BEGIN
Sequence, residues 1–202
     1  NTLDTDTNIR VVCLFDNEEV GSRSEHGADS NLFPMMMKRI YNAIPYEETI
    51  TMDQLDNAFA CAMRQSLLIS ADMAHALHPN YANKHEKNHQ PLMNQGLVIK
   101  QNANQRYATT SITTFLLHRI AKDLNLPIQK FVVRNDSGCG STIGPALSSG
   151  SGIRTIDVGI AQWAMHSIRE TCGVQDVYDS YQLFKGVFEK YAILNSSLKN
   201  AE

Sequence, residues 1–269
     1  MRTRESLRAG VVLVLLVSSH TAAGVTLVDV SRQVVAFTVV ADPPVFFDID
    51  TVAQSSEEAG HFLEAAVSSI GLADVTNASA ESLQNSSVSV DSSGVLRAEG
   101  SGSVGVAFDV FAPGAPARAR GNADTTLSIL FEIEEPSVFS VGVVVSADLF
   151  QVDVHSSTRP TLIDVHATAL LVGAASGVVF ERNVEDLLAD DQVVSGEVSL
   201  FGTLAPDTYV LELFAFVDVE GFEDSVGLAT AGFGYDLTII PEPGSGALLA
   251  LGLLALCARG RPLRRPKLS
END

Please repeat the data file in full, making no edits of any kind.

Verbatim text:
Sequence, residues 1–202
     1  NTLDTDTNIR VVCLFDNEEV GSRSEHGADS NLFPMMMKRI YNAIPYEETI
    51  TMDQLDNAFA CAMRQSLLIS ADMAHALHPN YANKHEKNHQ PLMNQGLVIK
   101  QNANQRYATT SITTFLLHRI AKDLNLPIQK FVVRNDSGCG STIGPALSSG
   151  SGIRTIDVGI AQWAMHSIRE TCGVQDVYDS YQLFKGVFEK YAILNSSLKN
   201  AE

Sequence, residues 1–269
     1  MRTRESLRAG VVLVLLVSSH TAAGVTLVDV SRQVVAFTVV ADPPVFFDID
    51  TVAQSSEEAG HFLEAAVSSI GLADVTNASA ESLQNSSVSV DSSGVLRAEG
   101  SGSVGVAFDV FAPGAPARAR GNADTTLSIL FEIEEPSVFS VGVVVSADLF
   151  QVDVHSSTRP TLIDVHATAL LVGAASGVVF ERNVEDLLAD DQVVSGEVSL
   201  FGTLAPDTYV LELFAFVDVE GFEDSVGLAT AGFGYDLTII PEPGSGALLA
   251  LGLLALCARG RPLRRPKLS